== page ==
Module 5 - Adult Literacy Classroom
Basic Elements of a Lesson
There are many ways of structuring a lesson. Different instructors, as a result of their initial training and subsequent experience, design lessons differently. Yet, if you review a large number of lessons, you will see common elements. Every effective lesson has:
- a purpose or goal — objective.
- characteristics of learners to consider in planning.
- an introduction to these purposes for the learner — set.
- the body of the lesson – various learning tasks designed to achieve the lesson goal — activities.
- instructional resources to support instructional activities.
- some type of lesson summary tying back to the initial goals — conclusion.
- an evaluative component whereby the instructor can measure whether or not the goal was met – how much the learner understands and can apply from the lesson — assessment of learning.
“When I prepare lesson plans, I work to include an intro and a conclusion for each lesson, and I generally have an objective in mind. I find it hard to have time for formal lesson planning; but I do admit, however, that the lessons that I sit down and plan out on paper are often more successful. ”
“We do different things every day – but it’s not crazy, you know? Like there’s always an explanation of stuff before and then we talk about it, and then we try it out on our own. And stuff connects from day to day – but it’s fun, you know, I like it.”
Take a moment to consider these basic elements and their implications for instruction of adult literacy learners.
On your worksheet, record your initial thoughts about these basic elements of a lesson.
Take a look at these sample lessons. Can you see these common elements? These lessons are all written to be shared with other instructors. These summaries may range from very brief outlines to quite extensive explanations including all of the elements described above – and more. The process of documenting a lesson helps to clarify and refine instructor’s plans, improving the experience for the learner.
Listed below is a real-life adult education scenario. While you are reading, look for the basic elements of the lesson. How do you think these basic elements assist the students in the learning process?
Real-Life Scenario – Tamara Teaches Contractions:
Tamara had noted that most of her students were having difficulties using contractions in their writing. She reviewed some materials and created her lesson plan. When it came time for language arts study the next day, Tamara wrote “The cat _____ not…” on the board. She then asked her students to help her brainstorm words that would make sense in that space – using as her example “can.” The students came up with a number of words – was, will, would, did, could, is, etc. She then asked them if they could think of another way to say “can not.” After some discussion they agreed on “can’t” – Tamara wrote that on the board. She then discussed the concept of a contraction, noting the use of the apostrophe, and challenged the class to pair up and, in teams, come up with contractions for all their brainstormed words. She cautioned them that not all words can be contracted. After the pairs had worked for a bit, Tamara had them report out and discuss until the class all agreed on contractions to use for each pair of words, or that no contraction could be made. Lastly, she had them discuss when they would want to use contractions - or not – in their writing and assigned them to practice creating and breaking apart contractions on worksheets. Tamara hoped to see some improvement in their next writing assignments.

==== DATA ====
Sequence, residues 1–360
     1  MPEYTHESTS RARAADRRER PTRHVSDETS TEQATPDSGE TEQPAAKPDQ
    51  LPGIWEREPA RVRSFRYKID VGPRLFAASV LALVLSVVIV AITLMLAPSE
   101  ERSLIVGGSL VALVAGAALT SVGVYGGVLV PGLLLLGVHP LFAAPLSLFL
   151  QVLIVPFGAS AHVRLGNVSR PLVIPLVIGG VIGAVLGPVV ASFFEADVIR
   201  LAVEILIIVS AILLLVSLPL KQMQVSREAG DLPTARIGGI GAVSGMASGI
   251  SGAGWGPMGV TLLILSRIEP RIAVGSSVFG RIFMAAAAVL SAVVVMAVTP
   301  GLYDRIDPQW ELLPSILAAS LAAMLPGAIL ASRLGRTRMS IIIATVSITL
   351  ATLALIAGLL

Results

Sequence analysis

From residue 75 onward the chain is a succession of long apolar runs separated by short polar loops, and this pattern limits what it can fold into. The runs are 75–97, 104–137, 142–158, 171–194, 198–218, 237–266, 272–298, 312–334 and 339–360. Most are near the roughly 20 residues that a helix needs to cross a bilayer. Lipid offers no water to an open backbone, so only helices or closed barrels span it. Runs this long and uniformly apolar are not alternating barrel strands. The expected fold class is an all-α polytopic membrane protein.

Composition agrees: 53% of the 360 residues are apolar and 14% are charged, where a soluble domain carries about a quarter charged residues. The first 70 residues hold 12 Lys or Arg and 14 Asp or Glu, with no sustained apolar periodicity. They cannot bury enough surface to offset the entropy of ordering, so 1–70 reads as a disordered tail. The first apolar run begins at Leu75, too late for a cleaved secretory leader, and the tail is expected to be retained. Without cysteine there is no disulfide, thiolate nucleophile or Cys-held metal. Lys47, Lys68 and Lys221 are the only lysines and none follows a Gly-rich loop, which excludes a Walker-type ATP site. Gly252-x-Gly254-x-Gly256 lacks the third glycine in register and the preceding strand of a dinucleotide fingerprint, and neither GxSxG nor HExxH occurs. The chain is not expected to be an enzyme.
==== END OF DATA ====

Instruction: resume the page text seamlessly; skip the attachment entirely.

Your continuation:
On your worksheet, record your thoughts on how the instructor used the basic elements of a lesson.
In reviewing these ideas, did you find any similar to your own? Did any of them strike you as particularly interesting? Did they provide any new insights for your instruction of adult literacy learners?
On your worksheet, make note of any tips, insights, or new ideas gained from the instructors’ suggestions.
Effective lessons generally share several basic elements.
- Lessons are based on objectives, which help the instructor narrow and focus their instruction.
- Instructors generally begin the lesson with a ‘set’ or introduction to the ideas in the lesson – assisting them to make connections between this new learning and any existing knowledge.
- The bulk of the lesson is made up of one or more activities designed to assist the learner in grasping the concepts, form stronger connections in their understanding, and practice new skills.
- Lessons should have a concluding activity or discussion that relates back to the original objective or helps learners to gain deeper insights.
- In many cases, additional activities for independent practice are suggested or assigned as well.
On your worksheet, record any final notes or thoughts, specific ideas you want to remember, plans for further study, etc.
Click "Next" below or a specific topic on the outline to the left to continue.